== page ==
Calendar Year 2021 Novels to Date…………………… 1
Calendar Year 2021 Novellas to Date……………… X
Calendar Year 2021 Short Stories to Date… 1
Novels (since Oct 19, 2014)…………………………………… 55
Novellas (since Nov 1, 2015)………………………………… 8
Short stories (since Apr 15, 2014)………………… 215
Short story collections……………………………………………… 31

4 thoughts on “The Journal: Practice in Writing”

  1. It seems to me that the process being discussed is not the “writing process” but the mechanics of the method writers use before, during, and after their fingers touch the keyboard.
    It’s my personal observation of writers I know that the process is, as you say, the same for everyone but the mechanics of getting to that point are different.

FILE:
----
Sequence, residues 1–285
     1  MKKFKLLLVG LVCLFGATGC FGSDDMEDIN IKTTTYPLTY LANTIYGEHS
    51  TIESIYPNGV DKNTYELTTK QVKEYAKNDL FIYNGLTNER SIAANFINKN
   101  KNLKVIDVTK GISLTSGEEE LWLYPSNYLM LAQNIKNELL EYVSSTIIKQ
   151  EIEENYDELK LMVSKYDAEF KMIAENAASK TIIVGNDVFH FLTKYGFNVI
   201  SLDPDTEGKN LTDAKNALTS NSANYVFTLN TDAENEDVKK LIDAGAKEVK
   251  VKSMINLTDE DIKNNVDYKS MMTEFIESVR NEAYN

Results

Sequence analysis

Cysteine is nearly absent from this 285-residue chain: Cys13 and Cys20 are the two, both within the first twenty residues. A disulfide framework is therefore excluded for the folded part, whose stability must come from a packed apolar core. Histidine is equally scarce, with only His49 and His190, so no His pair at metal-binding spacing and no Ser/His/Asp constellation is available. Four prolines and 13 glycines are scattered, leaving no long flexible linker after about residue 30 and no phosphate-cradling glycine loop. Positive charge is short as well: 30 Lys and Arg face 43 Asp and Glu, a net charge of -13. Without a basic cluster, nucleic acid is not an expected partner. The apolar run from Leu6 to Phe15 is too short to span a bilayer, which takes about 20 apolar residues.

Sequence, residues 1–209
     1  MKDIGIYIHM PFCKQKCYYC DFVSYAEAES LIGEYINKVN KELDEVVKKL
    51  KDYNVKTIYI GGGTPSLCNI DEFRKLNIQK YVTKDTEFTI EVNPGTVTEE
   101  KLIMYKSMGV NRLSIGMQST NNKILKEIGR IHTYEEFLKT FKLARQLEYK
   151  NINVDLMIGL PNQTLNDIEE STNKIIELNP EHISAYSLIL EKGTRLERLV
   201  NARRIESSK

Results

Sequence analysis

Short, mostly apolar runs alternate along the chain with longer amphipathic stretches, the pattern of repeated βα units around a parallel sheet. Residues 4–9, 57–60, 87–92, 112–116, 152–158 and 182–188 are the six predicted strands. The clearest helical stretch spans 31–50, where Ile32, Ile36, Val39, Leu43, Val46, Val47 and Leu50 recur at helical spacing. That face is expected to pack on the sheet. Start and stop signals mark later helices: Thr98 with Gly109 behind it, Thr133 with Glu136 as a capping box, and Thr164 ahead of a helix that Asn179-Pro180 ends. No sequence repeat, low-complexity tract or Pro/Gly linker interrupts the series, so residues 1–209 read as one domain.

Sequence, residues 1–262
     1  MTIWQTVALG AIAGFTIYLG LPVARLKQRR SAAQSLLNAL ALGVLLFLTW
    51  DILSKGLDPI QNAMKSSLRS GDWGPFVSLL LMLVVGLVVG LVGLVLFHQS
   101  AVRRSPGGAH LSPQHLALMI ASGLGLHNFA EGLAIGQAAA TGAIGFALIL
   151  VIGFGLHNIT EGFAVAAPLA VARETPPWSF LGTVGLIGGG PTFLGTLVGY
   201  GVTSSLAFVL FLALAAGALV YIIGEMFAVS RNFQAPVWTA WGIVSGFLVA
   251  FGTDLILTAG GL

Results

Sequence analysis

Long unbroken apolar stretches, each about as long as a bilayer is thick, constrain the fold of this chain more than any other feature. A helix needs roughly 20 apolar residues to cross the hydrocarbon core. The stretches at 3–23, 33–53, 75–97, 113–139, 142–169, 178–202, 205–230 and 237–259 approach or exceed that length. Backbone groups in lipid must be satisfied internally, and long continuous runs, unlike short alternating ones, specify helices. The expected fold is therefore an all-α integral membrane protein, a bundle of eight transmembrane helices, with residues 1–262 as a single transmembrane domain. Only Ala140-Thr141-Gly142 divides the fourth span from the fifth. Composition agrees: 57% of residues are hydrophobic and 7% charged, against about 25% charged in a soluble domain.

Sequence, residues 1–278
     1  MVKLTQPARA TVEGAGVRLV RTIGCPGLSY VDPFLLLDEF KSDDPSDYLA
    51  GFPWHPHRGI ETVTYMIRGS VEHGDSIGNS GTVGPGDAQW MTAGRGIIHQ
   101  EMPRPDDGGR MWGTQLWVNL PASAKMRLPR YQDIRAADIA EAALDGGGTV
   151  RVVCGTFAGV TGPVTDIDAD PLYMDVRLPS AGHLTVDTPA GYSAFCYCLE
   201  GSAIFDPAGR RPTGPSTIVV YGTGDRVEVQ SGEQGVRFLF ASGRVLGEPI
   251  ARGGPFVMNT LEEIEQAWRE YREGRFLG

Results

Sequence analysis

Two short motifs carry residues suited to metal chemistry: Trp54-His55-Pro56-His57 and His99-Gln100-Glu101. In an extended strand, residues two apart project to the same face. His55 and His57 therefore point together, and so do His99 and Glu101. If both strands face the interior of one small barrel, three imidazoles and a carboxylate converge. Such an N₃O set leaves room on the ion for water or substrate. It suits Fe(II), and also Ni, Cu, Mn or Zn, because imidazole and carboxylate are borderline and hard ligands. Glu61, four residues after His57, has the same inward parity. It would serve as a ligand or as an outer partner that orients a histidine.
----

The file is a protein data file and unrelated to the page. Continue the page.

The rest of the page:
Just an old man ruminating, which you have always inspired me to do, Harvey!

    • Duke! Long time no hear! Thanks for commenting. I agree. Maybe it’s a terminology thing. I suppose it annoys me so much because I used to do exactly the same thing.

  2. Hi, Harvey,

    I heard all about process when I was on the writing message boards. I thought it meant we all had different approaches to our writing. You, some people outlined, some people didn’t. Some needed to know how the story ended, others needed in-depth character worksheets. Some talked about identifying the character arc or the story question.

    What it actually meant: How do you outline? My best guess is that they all found comfort in everyone’s process being the same, like it was confirmation they were doing writing correctly.